1. Revenues for the broadcast TV industry increased by 1.0% to £13.8bn in 2016, according to Ofcom’s 2017 Communications Market Report. Within this, net ad revenue in the traditional TV sector exceeded £4bn for the second consecutive year.
Pay-TV platform operators (Sky UK, Virgin Media, BT TV and TalkTalk TV) increased their revenues by 2.8% in 2016 to £6.4bn, accounting for 46% of broadcast industry revenue. On-demand and streaming services such as Netflix, Amazon Prime and NOW TV are mainly complementary to these traditional pay-TV platforms: 74% of subscribers to on-demand and streaming services also have a pay-TV subscription.
2. BBC iPlayer is the most popular on-demand/streaming service in the UK among adults, with 63% of respondents to Ofcom saying they use it. Among teens, YouTube was the most popular service, with 66% saying they used this to watch TV programmes and films compared to 54% using BBC iPlayer.
Of the services that require payment (excluding the licence-fee funded iPlayer), Netflix was the most popular among both adults and teens. While 31% of adults claimed to use Netflix, nearly half of all teens said they used it (46%), making it the third most popular on-demand and streaming service overall among that age group.
3. The two leading pure subscription on-demand and streaming services in the UK continued to be Netflix and Amazon Prime in 2016. Netflix had nearly 6.0 million subscribers by the final quarter of the year, according to estimates from Ampere Analysis, with year-on-year growth of 17%. Amazon more than doubled its subscription base over 2016, to an estimated 3.8 million subscribers to Amazon Prime by the end of the year.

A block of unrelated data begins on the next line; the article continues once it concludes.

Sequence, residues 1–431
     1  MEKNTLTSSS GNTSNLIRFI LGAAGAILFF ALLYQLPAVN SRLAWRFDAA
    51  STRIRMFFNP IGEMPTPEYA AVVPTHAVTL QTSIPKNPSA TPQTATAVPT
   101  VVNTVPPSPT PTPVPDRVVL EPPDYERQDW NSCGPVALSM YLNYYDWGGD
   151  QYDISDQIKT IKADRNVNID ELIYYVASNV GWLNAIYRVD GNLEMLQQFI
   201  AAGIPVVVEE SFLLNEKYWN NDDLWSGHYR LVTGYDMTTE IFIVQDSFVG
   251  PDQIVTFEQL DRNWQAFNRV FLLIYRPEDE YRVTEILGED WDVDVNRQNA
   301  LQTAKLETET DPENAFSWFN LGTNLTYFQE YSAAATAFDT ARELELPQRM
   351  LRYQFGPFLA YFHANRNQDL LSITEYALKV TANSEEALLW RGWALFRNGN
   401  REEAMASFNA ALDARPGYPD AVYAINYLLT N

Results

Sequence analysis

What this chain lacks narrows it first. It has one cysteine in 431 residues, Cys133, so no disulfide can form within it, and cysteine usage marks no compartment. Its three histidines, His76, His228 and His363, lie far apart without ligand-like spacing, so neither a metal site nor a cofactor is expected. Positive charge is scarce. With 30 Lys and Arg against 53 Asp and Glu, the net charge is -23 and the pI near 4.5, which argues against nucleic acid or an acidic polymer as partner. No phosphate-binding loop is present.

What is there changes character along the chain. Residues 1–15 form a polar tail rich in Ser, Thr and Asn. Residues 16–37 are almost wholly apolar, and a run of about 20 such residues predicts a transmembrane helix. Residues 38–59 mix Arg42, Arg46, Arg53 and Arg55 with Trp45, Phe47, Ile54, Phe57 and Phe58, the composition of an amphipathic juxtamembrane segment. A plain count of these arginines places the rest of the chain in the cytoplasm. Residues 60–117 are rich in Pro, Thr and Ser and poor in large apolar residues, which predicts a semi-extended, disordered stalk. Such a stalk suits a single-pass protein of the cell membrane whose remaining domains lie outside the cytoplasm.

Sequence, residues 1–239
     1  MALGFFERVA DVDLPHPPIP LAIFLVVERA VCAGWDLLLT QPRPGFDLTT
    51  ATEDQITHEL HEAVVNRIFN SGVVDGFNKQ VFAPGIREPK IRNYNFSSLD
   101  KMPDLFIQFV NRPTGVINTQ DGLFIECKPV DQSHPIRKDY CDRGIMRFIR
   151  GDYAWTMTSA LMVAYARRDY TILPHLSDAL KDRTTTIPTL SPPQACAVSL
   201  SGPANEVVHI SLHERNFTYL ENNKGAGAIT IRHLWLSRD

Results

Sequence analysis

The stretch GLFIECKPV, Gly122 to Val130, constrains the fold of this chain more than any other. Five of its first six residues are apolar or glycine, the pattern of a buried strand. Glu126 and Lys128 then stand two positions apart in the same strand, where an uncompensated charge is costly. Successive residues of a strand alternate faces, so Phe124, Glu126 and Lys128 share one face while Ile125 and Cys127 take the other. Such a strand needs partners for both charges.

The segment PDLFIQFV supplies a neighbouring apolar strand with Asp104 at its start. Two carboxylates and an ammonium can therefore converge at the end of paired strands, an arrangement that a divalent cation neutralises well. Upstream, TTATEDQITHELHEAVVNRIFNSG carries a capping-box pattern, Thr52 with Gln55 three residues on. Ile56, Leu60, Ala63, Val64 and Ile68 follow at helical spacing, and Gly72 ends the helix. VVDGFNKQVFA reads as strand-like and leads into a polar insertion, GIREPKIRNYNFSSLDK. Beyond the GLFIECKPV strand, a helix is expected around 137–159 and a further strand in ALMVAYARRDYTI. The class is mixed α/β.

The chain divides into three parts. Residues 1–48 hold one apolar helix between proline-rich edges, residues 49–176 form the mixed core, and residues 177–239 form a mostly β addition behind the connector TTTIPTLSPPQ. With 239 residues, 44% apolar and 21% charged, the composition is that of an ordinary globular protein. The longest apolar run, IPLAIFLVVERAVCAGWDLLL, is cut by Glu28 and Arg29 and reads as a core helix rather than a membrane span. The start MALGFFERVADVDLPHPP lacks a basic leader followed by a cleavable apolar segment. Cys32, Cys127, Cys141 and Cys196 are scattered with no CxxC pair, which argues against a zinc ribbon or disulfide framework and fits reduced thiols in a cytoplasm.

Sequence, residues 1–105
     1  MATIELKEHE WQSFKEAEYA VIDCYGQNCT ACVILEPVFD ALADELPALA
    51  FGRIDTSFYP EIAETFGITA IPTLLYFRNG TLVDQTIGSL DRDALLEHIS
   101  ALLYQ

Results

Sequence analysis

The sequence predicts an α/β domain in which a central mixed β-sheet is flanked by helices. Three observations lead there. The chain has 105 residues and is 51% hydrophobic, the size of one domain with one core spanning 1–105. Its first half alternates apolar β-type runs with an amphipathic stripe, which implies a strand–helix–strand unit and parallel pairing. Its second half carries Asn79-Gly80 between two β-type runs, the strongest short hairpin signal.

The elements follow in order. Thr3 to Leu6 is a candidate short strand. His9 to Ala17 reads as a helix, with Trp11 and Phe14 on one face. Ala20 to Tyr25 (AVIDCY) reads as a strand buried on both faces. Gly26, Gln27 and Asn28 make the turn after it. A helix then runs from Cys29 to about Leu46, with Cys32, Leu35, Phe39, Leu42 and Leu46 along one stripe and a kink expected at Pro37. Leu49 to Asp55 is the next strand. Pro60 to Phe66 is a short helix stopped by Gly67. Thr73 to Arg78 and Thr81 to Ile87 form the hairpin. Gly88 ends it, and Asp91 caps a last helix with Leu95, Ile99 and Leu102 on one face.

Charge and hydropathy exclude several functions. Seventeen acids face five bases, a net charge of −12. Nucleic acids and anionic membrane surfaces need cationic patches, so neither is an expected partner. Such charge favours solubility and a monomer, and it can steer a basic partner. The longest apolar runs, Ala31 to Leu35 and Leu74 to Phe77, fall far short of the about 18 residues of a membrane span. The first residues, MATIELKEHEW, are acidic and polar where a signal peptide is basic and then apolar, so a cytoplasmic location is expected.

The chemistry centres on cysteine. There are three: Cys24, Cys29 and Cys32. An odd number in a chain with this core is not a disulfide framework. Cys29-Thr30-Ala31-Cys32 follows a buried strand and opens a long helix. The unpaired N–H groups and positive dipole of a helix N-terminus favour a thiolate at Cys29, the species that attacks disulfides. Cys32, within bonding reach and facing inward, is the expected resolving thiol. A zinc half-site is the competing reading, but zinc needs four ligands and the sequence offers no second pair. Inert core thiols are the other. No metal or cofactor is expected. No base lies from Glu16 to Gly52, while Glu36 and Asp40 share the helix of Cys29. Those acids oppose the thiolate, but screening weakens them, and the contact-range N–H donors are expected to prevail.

4. The top four most-viewed shows by Netflix, Amazon Prime and NOW TV users in the final three months of 2016 in the UK were all original productions exclusive to either Netflix or Amazon. Orange is the New Black, Marvel’s Luke Cage and Narcos proved popular on Netflix, while Amazon’s The Grand Tour was the third most-watched show over this time period, despite Amazon having considerably fewer users than Netflix.
5. Spend in key genres by channels broadcasting in the UK was £7.3bn in 2016, an increase of 11% year on year in real terms. Much of this increase was driven by the 24% rise in spend on sports channels in the multichannel sector. Sports channels accounted for 40% of spend on UK programming, up from 36% in 2015.
The BBC portfolio channels reported a real-terms decrease in spend for the second year running. Some of this may be attributable to BBC Three’s move online in February 2016, which was carried out partly to make broadcast savings. The channel’s budget was reduced from £85m to £25m as part of the move.
Spend on BBC One programming overtook ITV spend in 2016, rising by 10% in real terms after a dip in 2015. ITV’s investment in programming fell by 5% in real terms year on year.
Channel 4, Channel 5, and the commercial PSB portfolio channels, all invested significantly more on programming than in 2015.
Overall spend on first-run UK-originated programming by the main five PSB channels – BBC One, BBC Two, ITV (including ITV Breakfast)/STV/UTV, Channel 4 and Channel 5 – increased by 4% in real terms to £2,708m in 2016.
6. Independent producers’ TV revenue saw a real-terms decrease in 2016. According to Pact’s annual census of independent production companies in the UK, TV revenues within the independent sector were £2,504m in 2016, a 2% decrease on 2015 levels in real terms.
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